CZ has inferior optical properties

Sparkle Gemstone

The allure and radiance of engagement gemstones are attributed to their brilliance, fire, and luster.

Moissanite boasts a remarkable refractive index of 2.69, which is 25% higher than that of CZ. A gemstone's refractive index correlates with its ability to reflect light, making Moissanite more brilliant than CZ.

Moissanite also exhibits a dispersion of 0.104, which is 58% greater than that of CZ (0.044). This feature causes Moissanite to emit more rainbow-colored light, or fire, compared to CZ.

Furthermore, Moissanite's luster is 50% greater than CZ's. The luster of a gemstone is determined by its capacity to reflect light from its surface, making Moissanite more lustrous than CZ.

In conclusion, Moissanite has significantly higher levels of brilliance, fire, and luster than CZ.

Optical Anamolies: Windowing


The lower refractive index of CZ causes the stone to exhibit substantially more "windowing" than a Moissanite or diamond and gives CZ what many women refer to as a "glassy" appearance.

Windowing is an optical phenomenon that occurs when light passes through a gemstone without being refracted. If windowing is present in a gemstone the observer can look through the stone at certain angles as if it were a window or can observe large dark areas in the stone (caused by light leaking out the window).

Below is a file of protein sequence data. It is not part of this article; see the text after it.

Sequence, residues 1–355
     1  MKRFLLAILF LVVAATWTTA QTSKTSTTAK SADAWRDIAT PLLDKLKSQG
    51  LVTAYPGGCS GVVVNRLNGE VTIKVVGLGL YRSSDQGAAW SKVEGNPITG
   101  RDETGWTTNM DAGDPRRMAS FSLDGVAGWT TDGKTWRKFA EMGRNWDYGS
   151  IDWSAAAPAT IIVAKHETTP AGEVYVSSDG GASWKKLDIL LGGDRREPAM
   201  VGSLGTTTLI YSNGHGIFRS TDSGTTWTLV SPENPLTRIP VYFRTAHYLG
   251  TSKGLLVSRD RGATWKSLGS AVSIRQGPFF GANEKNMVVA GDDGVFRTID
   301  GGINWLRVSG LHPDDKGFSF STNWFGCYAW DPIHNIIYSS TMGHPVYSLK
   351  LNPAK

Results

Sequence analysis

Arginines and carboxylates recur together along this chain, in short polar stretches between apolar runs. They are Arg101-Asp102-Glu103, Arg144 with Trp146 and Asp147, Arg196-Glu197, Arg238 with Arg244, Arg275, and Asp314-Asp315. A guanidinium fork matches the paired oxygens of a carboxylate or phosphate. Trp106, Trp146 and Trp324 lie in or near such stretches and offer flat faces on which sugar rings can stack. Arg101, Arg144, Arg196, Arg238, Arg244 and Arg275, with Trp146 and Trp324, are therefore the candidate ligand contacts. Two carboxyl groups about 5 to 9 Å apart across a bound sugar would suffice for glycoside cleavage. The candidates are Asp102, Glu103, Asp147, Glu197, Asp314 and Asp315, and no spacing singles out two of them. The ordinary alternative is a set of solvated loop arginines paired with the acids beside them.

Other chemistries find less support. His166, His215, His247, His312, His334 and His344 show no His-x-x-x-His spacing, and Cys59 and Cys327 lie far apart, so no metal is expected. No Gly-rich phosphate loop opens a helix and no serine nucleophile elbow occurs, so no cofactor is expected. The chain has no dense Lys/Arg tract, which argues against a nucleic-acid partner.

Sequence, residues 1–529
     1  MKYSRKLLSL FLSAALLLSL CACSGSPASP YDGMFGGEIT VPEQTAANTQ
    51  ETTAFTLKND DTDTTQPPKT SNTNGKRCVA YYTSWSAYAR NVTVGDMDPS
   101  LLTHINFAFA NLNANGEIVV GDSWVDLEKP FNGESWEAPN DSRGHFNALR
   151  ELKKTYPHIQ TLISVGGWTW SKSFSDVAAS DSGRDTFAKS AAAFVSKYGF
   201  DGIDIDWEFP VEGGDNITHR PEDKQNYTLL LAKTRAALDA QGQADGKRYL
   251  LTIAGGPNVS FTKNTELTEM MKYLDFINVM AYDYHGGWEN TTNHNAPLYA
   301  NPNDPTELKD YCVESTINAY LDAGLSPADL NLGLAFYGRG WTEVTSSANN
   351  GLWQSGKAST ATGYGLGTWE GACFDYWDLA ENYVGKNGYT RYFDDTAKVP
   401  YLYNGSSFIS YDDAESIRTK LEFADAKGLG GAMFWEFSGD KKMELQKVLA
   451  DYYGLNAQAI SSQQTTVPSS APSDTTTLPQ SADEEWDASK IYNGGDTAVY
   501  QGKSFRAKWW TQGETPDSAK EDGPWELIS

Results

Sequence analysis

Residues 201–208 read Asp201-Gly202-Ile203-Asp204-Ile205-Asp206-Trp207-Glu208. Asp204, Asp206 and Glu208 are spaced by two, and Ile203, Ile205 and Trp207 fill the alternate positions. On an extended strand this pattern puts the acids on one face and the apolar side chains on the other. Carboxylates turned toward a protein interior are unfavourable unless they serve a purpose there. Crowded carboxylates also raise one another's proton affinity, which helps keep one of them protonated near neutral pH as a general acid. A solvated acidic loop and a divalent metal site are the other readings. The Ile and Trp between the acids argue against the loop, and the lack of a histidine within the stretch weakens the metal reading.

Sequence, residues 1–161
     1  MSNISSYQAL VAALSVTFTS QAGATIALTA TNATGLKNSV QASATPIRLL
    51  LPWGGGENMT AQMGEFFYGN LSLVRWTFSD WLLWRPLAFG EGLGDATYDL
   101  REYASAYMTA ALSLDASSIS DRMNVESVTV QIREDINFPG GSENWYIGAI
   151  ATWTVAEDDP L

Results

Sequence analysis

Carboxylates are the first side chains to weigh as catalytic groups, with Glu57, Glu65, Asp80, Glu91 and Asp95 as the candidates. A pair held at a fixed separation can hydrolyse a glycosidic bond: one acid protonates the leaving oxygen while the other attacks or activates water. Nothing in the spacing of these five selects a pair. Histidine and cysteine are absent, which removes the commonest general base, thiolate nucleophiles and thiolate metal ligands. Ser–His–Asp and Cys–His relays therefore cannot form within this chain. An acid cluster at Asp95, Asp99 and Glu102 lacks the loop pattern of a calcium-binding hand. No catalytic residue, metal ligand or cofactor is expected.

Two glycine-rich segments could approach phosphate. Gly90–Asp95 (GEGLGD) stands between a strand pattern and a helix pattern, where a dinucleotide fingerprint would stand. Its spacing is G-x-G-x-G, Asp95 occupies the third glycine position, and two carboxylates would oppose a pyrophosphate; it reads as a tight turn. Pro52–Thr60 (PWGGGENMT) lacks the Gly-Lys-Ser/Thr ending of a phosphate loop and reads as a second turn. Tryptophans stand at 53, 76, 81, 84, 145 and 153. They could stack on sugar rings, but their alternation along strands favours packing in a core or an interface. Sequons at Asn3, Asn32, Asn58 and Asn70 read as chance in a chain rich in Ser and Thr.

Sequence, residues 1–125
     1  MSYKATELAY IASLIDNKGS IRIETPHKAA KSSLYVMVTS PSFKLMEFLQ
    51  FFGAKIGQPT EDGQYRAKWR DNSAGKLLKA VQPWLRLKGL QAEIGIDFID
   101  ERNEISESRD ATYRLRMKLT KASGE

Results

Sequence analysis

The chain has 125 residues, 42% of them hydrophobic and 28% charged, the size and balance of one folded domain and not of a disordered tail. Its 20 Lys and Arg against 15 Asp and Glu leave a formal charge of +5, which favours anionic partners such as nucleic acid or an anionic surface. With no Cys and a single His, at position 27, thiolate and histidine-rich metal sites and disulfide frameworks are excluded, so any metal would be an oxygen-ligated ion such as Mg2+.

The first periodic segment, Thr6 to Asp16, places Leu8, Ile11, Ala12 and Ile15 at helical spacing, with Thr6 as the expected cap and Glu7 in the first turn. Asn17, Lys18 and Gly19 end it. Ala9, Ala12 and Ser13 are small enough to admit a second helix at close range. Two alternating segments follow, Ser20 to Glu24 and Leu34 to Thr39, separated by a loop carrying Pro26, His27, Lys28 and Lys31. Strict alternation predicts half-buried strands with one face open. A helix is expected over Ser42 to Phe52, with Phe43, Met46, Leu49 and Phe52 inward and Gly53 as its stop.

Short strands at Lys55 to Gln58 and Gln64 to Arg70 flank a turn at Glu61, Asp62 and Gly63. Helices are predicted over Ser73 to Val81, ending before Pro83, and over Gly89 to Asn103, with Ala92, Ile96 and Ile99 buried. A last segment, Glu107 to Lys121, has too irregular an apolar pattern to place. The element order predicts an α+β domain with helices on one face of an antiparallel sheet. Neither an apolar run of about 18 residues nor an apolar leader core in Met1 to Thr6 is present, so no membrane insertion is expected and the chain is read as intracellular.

A well-cut stone should reflect so much light that nothing is seen behind it. However, this statement presumes that you are looking straight down through the top of the stone, and the stone is not tilted at all. Tilting the stone even slightly will change the angles of light hitting the pavilion facets. Each type of gem has its own range of "tilt brilliance". The lower the refractive index the less tilting it takes to window the stone. Since the refractive index of CZ is substantially lower than Moissanite (1.8 - 2.17 compared to Moissanites 2.69), the result is that although a CZ may look pretty when viewed from the top, but when viewed at various angles many dark or black spots can appear, making it easy to spot as a "fake".

CZ has Strong Affinity to Dirt